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The Boring Topics That Got My Substack Newsletter to 74,000 Subscribers

by | Feb 20, 2023 | Writing

Email subscribers equal a full-time income.

Traditional email software is fine, but you’ve got to do the hard work to find the audience. Substack was the first newsletter platform where I found I could bring my audience and also tap into their audience.

Many writers think I used some sexy strategy to grow my Substack to 74,000 subscribers. But I’m an ugly duckling. I don’t have any tricks.

All I did was focus on these boring topics.

Overly niche newsletters are hard

The boring topics I used to grow my Substack were self-improvement and personal finance. Nothing new.

The challenge is a lot of writers want to reinvent the wheel. They want to be super weird or different. On the surface there’s nothing wrong with this, but you’ve got to read the room.

If you have no data on your Substack strategy then you’re just pissing in the wind and hoping it doesn’t blow back into your face (yuck!).

I can tell you what the data says about topics: zoom out.

How to take a niche topic and make it useful

A writer student of mine writes about carbon-neutral soil.

Not my cup of tea, personally. As you can imagine he’s finding it damn hard to attract fellow carbon-neutral-soil enthusiasts.

The problem is he’s too niche.

If he zoomed out and spoke about the environment, renewable energy or climate change, he’d have a better shot.

Yet he refuses. He wants to stay micro-niche and only has 10 subscribers as a result. It’s been like that for a year.

Some topics have no traction. Some topics are the wrong topics.

And sometimes it’s the case that your topic doesn’t belong on a platform like Substack. It might be better in an environmental publication.

Broaden your topic to increase readership. You don’t need to have everyone in your audience be a buyer of your product/service.

Make the topic easy to consume

Many Substacks give me a migraine

They’re long, boring, and full of giant paragraphs I can’t read on my piss-ant little iPhone screen. Writers seriously need to unlearn what college taught us about writing essays. Most of it doesn’t apply to the internet.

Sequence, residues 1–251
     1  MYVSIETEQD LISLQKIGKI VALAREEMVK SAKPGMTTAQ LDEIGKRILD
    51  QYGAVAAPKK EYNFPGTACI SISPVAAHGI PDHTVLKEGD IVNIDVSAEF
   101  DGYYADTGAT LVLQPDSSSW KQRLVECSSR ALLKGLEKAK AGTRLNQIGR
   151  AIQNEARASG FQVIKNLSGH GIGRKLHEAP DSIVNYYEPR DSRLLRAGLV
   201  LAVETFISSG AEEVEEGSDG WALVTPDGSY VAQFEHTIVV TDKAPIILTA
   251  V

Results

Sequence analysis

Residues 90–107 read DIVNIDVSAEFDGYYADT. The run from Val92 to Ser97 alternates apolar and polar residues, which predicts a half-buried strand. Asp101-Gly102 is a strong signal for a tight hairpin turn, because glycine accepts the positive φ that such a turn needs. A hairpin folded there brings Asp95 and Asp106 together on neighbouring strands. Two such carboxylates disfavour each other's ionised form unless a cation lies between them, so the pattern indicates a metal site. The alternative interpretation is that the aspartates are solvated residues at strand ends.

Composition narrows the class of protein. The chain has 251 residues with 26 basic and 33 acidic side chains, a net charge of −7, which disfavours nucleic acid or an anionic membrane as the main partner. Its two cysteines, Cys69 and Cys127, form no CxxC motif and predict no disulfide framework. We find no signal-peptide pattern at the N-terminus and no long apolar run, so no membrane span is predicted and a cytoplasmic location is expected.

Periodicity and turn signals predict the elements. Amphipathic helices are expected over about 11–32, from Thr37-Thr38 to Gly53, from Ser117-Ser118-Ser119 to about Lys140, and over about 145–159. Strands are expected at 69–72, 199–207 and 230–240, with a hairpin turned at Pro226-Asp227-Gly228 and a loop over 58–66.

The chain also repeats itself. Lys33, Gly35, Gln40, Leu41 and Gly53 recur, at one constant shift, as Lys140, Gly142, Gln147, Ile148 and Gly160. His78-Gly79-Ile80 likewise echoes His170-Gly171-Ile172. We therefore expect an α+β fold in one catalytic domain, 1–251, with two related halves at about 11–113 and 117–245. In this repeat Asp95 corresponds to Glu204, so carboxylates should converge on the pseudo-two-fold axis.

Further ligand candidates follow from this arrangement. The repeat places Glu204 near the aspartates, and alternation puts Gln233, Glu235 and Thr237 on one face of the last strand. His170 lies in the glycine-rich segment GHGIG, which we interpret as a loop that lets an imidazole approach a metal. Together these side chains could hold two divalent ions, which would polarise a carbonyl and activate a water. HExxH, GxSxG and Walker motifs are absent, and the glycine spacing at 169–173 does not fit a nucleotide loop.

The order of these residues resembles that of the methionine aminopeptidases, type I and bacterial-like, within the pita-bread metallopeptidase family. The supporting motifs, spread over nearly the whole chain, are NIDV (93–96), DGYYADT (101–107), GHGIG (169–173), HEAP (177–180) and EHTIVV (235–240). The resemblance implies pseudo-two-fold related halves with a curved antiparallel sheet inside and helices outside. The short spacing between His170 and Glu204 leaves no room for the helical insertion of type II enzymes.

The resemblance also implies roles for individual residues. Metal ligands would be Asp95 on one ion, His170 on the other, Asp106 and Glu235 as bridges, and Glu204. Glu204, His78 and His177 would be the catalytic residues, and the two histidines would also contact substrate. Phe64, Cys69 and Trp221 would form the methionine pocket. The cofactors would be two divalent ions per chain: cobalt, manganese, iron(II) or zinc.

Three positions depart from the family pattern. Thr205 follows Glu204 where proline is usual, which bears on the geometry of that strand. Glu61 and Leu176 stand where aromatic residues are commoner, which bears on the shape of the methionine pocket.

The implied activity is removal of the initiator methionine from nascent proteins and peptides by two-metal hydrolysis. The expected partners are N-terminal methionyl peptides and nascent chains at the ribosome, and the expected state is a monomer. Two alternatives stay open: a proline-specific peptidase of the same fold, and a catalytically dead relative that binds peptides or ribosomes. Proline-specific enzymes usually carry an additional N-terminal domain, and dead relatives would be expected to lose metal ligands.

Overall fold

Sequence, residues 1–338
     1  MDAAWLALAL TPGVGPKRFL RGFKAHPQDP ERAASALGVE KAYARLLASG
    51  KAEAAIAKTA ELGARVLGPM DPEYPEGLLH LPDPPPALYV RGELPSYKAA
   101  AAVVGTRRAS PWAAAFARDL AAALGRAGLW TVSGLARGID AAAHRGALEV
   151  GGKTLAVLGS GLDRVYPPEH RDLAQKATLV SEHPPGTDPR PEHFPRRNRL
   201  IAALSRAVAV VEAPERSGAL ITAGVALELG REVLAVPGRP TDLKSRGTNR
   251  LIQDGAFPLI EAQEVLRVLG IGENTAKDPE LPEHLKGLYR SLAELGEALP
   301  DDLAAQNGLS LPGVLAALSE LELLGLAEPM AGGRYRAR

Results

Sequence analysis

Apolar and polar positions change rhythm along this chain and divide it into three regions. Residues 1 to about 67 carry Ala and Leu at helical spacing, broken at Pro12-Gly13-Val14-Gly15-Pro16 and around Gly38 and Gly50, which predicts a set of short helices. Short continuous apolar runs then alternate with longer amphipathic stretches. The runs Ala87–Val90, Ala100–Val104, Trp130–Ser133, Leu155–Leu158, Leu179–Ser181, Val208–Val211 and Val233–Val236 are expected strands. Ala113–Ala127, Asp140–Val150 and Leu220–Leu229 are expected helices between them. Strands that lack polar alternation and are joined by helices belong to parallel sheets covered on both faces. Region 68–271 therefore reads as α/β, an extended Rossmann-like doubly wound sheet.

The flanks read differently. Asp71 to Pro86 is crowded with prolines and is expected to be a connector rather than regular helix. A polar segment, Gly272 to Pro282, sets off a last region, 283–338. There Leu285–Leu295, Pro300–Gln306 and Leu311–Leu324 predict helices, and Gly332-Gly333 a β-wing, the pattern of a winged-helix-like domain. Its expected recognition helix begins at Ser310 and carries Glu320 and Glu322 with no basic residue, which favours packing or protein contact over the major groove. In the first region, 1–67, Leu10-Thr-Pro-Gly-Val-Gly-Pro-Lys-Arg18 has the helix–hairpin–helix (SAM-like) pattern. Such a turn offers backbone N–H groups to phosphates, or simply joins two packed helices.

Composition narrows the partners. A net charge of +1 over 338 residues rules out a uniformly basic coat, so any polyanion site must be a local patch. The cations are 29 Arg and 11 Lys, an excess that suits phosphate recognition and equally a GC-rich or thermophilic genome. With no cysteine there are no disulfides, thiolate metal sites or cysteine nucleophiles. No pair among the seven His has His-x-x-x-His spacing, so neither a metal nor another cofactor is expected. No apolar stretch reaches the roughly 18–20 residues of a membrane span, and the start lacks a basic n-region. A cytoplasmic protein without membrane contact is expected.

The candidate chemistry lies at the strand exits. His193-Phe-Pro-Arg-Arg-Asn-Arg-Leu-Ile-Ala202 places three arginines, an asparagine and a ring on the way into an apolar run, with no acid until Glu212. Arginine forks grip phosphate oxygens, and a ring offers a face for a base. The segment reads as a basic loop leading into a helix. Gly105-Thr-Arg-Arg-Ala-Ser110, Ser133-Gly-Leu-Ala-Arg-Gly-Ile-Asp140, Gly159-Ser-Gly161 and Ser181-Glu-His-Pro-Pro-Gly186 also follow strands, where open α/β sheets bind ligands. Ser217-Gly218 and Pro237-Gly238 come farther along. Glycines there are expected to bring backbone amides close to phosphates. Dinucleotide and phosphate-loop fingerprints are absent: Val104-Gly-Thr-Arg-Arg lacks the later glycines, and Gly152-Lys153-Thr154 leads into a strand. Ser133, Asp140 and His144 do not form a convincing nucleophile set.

The internet is a goldfish world, not a human world.

Attention spans are short so you’ve got to get to the point and have dopamine rewards all through your Substack content. Otherwise people think you’re speaking an alien language and unsubscribe.

Write unfiltered content

A lot of writers wear a kinky muzzle over their faces.

They don’t want to speak out of turn. They’re worried they could offend a global internet audience that has spent the last decade becoming experts at getting offended and then using cancel culture as a form of public writer execution.

Boring topics on Substack, though, perform better when the stories and advice are unfiltered. The reason is there’s no algorithm or shadowban system. You’re free to say whatever you want.

So the boring strategy is to simply speak your mind and enjoy the freedom.

People love it because many other social platforms are so polished and cringe, it’s hard to recognize these supposed “personal brand” humans anymore.

The best way to amplify a boring topic

Tweet threads are great.

The challenge is they have character limits. Same with LinkedIn posts. Boring topics on Substack work better because you can flesh out longer stories and cover all the vivid detail you might typically get in a traditional novel.

Readers have been craving these types of stories online.

The TikTok revolution dumbed everything down and turned too many stories into 30-second Insta-glam reels.

Humans will never get tired of stories attached to boring topics.

Let me leave you on this absolute bombshell

Recently I got a book deal.

I found out later that an entire team (at a book publisher you all know) scour Substack for newsletter content they can turn into best-selling books.

These high-profile lurkers have been reading my Substack for over a year. And if you write a Substack about boring topics and stick at it, you too will likely get a book deal.

This is the holy grail for many writers.

I get emails from nice folks every day who want to publish a book. The trouble is they’ve got it back the front. First you publish boring topics on a blog or in a newsletter, build an audience … then you get the book deal.

Not the other way around.

So go launch your newsletter and write about big boring topics many writers are too proud to write about, because they’re busy being clever, instead of being successful.

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